In a few weeks, elections to the European Parliament will take place, but Facebook may prevent them. According to representatives of the European Commission and the European Parliament, the giant of social networks is not in a hurry to change its rules for cross-border political advertising. And this, in turn, interferes with the organization and political parties of cross-border companies.
In a letter sent to Commission Secretary-General Martin Selmayr to non-governmental groups who complained about the advertising rules on Facebook, it states that “today we have no clear indication that the European Commission will be exempt from Facebook’s single country approach to political advertising.”
The letter came after a giant of social networks last month faced a negative reaction from the three main institutions of the EU – the parliament, the Commission and the Council of the EU – because of its cross-border political advertising policy.
According to its rules, Facebook requires all advertisers to register in the country where they want to make political advertising. This is done to limit foreign influence in national campaigns. However, Facebook said the company is considering lifting some of these restrictions.
“We are open to temporary exemptions for EU institutions and political groups, but we need approval from national electoral administrations, and we hope that this will happen in the coming days,” Nick Clegg, vice president of global affairs for Facebook, told a press briefing at the end of April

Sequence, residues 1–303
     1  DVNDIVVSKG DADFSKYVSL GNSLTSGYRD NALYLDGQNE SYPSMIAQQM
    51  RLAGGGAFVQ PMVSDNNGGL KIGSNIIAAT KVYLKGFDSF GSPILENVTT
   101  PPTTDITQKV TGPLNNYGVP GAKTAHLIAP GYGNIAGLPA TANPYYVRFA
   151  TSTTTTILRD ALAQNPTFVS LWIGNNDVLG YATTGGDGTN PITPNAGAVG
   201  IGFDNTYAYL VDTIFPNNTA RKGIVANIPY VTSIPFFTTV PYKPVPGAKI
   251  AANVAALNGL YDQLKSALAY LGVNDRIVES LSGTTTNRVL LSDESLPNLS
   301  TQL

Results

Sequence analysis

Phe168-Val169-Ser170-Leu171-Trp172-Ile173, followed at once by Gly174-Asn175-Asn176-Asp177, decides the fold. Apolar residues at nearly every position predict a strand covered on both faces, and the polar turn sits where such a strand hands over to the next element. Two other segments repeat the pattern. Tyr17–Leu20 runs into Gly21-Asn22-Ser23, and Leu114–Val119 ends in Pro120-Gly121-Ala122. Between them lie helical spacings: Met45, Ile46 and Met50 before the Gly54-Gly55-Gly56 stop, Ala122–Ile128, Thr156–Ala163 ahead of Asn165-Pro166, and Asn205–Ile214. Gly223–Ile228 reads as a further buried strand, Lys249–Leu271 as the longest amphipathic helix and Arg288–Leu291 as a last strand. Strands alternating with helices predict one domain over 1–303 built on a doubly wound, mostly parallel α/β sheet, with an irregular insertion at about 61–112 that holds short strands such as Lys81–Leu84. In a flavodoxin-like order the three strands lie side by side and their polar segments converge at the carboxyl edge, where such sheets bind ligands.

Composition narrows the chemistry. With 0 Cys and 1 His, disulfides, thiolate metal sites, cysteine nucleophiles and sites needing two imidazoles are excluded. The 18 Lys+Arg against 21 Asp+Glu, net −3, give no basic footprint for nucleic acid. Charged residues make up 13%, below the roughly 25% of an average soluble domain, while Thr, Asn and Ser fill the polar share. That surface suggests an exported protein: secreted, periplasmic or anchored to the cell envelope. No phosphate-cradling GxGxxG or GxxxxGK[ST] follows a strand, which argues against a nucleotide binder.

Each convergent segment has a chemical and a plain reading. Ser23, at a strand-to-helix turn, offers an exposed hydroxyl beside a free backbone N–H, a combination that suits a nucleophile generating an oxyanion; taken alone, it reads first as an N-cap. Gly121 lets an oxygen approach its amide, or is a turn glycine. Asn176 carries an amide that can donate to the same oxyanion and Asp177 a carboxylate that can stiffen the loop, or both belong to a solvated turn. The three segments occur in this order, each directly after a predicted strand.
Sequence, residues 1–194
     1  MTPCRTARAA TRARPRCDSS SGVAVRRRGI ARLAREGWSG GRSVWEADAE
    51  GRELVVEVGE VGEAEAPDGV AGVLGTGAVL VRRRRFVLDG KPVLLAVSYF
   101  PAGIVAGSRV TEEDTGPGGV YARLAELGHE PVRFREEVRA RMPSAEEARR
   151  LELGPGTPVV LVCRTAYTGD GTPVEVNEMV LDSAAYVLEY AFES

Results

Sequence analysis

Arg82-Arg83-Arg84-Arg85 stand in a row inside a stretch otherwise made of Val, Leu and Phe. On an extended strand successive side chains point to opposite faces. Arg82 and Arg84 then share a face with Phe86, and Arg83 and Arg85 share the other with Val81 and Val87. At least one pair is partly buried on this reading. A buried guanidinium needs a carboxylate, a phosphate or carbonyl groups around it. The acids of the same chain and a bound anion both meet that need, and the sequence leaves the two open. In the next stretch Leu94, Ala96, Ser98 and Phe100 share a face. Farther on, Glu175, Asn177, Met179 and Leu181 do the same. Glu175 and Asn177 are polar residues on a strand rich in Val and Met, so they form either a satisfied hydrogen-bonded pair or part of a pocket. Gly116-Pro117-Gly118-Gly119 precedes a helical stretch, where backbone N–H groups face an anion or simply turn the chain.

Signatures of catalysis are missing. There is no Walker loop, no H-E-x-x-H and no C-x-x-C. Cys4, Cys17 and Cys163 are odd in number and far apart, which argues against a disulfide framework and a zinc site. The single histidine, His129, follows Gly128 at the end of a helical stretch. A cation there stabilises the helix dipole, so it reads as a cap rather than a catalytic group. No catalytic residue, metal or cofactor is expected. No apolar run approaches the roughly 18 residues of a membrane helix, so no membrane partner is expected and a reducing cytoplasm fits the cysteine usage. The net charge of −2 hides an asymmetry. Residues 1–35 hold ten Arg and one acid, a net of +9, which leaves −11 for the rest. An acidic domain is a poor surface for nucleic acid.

However, in the European Parliament itself, EU political groups do not yet see any changes in the rules. Besides, it’s all too late. The campaign manager of the European People’s Party, Dara Murphy, noted that “the rules should be introduced years before the elections, not months and, of course, not days.”
Facebook said it was working on the problem. “Protecting the integrity of elections in the EU is a top priority for Facebook, and we are in constant dialogue with European institutions to find the best possible approach for this difficult and new situation,” a Facebook spokesman said in a statement. “We are conducting a final legal review of the proposed changes, and I hope that this will be resolved as soon as possible.”
In the meantime, EU institutions and parties are turning to other social networks that do not have similar restrictions, such as Google and Twitter. As you might guess, all this is not conducive to the popularity of Facebook.
If changes are introduced in the coming days, it will still leave time for EU-wide campaigns in the last days before the elections, said Sibren Quistra, campaign manager for the European Green Party. “They promised a decision this week, they need to keep that promise. If we have to wait longer, it will greatly hinder our electoral strategy and make me think about the intentions of Facebook.”
Natalia Veselnitskaya – official website